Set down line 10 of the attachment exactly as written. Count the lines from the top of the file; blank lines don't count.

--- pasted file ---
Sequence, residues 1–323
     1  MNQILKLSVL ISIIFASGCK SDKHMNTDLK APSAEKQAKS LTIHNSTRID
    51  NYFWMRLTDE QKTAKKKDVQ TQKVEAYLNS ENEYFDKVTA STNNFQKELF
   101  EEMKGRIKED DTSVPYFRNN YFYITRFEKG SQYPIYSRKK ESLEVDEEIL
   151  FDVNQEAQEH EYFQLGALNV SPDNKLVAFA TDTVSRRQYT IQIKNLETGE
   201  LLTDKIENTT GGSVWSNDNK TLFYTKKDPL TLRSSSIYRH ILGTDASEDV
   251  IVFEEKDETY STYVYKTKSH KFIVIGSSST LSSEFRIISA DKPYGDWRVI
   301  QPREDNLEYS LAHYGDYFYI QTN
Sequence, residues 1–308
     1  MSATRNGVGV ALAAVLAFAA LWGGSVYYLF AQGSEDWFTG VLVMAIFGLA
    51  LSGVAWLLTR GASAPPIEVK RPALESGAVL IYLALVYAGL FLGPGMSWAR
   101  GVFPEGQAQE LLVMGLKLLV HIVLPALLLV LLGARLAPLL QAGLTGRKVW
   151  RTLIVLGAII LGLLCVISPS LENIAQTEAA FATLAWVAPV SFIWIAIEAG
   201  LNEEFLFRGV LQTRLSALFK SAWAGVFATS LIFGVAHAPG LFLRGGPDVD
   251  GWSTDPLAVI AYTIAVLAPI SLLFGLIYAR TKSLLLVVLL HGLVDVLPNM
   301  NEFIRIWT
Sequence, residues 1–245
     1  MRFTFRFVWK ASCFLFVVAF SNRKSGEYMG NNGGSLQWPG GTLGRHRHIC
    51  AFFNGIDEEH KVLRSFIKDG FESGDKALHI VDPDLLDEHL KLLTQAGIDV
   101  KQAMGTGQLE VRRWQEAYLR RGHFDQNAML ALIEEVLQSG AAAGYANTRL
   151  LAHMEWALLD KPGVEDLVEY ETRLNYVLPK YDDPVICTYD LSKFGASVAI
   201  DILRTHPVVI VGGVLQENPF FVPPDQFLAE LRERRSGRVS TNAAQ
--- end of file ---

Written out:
     1  MSATRNGVGV ALAAVLAFAA LWGGSVYYLF AQGSEDWFTG VLVMAIFGLA